Canadian University Press
SIDNEY, B.C. (CUP) — History was made in the riding of Saanich-Gulf Islands today as Canada elected its first Green member of Parliament — party leader Elizabeth May.
May won the riding, which is home to many students at the University of Victoria, Camosun College and Royal Roads University, with approximately 48 per cent of the vote. She beat incumbent Gary Lunn, a Conservative cabinet minister.
“It should shock few to see the university community of Saanich-Gulf Islands’ youth elect Canada’s first Green MP. Regardless of political affiliation, voters want change on environmental issues,” said Dylan Sherlock, finance director for the University of Victoria’s students’ society.
“The result in Saanich-Gulf Islands shows that when youth feel like there are people addressing their issues they will vote. Elizabeth May engaged youth in her campaign better than anyone else. Too often youth simply feel like their vote does not matter. What we have learned is that youth are interested in the political process but we need to talk seriously about electoral reform if we really want to increase youth voter turnout,” added James Coccola, outgoing chairperson for UVic’s students’ society.
While specific voter turnout demographics have not been released, May hopes an increased youth vote impacted her success.
“I saw a lot of young people voting who’d never voted before. I had a lot of young people tell me they were voting who had never voted before, and even some young people in their 30s who’d never voted before,” May said. “We saw a real change and an embracing of the power of the vote and I’m very excited about that.”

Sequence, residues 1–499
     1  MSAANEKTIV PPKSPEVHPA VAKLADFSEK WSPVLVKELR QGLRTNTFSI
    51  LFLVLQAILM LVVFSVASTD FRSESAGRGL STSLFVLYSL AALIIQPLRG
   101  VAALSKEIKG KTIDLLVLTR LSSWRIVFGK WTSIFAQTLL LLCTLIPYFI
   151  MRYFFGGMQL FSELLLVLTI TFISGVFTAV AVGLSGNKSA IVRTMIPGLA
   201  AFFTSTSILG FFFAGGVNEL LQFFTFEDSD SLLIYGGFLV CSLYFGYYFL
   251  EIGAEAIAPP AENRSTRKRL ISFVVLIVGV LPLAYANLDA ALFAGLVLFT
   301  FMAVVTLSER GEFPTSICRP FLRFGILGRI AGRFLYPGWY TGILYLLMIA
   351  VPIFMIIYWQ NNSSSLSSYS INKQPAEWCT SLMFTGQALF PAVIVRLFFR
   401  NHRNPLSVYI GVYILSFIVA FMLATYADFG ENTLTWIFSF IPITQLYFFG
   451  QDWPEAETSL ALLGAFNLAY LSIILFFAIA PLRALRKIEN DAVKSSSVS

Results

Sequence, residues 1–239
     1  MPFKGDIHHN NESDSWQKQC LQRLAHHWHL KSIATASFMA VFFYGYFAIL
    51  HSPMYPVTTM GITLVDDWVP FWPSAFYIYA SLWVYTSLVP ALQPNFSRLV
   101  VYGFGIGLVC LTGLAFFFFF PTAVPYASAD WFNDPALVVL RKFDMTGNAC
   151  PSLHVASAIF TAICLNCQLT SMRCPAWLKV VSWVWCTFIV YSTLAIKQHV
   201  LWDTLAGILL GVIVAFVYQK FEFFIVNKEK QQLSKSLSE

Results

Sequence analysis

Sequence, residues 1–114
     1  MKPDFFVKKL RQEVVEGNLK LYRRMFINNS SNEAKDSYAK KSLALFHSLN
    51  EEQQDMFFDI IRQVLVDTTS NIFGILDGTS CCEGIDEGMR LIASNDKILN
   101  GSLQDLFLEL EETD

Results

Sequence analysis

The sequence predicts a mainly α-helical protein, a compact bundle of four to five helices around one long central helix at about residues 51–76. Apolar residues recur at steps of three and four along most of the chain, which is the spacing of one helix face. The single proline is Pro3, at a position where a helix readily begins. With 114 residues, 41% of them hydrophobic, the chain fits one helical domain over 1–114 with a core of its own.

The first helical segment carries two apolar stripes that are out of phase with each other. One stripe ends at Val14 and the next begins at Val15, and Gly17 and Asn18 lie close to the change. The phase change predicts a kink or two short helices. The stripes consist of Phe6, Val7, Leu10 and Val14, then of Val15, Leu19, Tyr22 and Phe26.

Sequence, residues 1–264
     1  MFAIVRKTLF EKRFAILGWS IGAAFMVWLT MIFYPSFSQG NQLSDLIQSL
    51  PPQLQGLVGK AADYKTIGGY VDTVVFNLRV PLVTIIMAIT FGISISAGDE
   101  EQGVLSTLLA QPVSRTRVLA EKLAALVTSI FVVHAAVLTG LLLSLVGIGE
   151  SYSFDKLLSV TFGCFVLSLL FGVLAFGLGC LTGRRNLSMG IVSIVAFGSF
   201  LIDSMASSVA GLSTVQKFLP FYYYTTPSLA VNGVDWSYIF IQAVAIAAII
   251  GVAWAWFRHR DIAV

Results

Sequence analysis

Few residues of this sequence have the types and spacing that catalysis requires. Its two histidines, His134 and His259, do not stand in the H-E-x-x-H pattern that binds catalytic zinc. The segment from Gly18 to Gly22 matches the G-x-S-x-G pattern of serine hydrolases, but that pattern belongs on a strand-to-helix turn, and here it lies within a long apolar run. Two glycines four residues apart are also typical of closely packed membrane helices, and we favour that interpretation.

May noted that, while a youth vote is typically more favourable to the Greens, many felt she wouldn’t be able to win over the senior vote in her riding.
““They don’t get that our seniors are rocking,” she said.
The Green Party also largely credited its swarm of volunteers for the win.
“What I discovered was how wonderful the people are that volunteered to help Elizabeth, and I just want to say thank you,” said volunteer co-ordinator Marilyn Redivo. “It is because of you we made a difference.”
May echoed this sentiment.
“I can’t name everybody who’s been volunteering,” she said. “It’s been the most inspiring thing of my life, as [Redivo] said, to see people get up and join me at 6 a.m. in the pouring rain to wave at morning commuters.”
The campaign to elect Elizabeth May had approximately 2,000 volunteers in total.
May emphasized the change she hopes to bring to Canadian politics.
“Today we proved that Canadians want change in politics,” she told the crowd. “We need compassion over competition.”
May said she will reject the politics of fear that have perpetrated Canadian politics through tactics like attack ads, and will instead work to embrace hope and bring respect to Parliament.
“I will never shrink from speaking truth to power,” she said. “We are elected to serve the people of Canada.”
Discussion of the Conservative majority government that was elected was absent from May’s celebration.
image: Max Sussman